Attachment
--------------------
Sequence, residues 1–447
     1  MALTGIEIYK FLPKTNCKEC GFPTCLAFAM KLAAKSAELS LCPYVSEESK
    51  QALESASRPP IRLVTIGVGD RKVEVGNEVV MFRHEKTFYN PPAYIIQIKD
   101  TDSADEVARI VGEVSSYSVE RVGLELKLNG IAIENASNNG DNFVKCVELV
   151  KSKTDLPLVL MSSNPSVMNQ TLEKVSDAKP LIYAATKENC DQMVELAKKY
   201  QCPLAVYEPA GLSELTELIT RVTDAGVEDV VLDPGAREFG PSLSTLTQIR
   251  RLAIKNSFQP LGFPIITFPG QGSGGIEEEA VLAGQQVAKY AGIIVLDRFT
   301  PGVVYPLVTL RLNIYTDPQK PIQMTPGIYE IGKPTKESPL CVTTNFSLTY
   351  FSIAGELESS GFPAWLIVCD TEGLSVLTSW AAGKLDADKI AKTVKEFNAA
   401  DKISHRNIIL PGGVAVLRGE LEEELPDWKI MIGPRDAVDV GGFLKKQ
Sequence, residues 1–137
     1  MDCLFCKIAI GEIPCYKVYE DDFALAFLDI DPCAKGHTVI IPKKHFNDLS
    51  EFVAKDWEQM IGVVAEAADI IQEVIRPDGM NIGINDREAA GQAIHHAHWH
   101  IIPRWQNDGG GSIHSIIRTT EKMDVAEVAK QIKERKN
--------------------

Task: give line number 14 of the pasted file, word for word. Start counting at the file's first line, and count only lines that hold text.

   101  IIPRWQNDGG GSIHSIIRTT EKMDVAEVAK QIKERKN